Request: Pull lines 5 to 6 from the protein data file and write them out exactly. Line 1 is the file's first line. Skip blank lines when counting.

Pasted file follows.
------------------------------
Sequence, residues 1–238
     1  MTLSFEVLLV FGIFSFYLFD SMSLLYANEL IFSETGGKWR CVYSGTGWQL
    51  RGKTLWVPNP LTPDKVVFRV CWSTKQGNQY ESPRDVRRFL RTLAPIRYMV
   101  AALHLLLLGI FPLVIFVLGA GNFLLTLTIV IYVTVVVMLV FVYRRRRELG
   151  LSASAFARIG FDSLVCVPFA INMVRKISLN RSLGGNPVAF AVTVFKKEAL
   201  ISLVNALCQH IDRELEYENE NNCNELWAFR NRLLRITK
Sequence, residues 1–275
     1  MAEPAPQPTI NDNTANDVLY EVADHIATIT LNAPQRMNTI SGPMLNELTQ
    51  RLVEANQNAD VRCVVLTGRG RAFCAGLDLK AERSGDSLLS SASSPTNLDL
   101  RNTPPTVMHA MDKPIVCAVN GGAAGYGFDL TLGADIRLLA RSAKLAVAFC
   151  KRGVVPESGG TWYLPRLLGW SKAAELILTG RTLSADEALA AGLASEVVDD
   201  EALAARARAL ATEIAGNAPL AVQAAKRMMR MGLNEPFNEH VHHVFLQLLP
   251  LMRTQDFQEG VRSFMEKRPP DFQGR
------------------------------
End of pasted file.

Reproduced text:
   151  LSASAFARIG FDSLVCVPFA INMVRKISLN RSLGGNPVAF AVTVFKKEAL
   201  ISLVNALCQH IDRELEYENE NNCNELWAFR NRLLRITK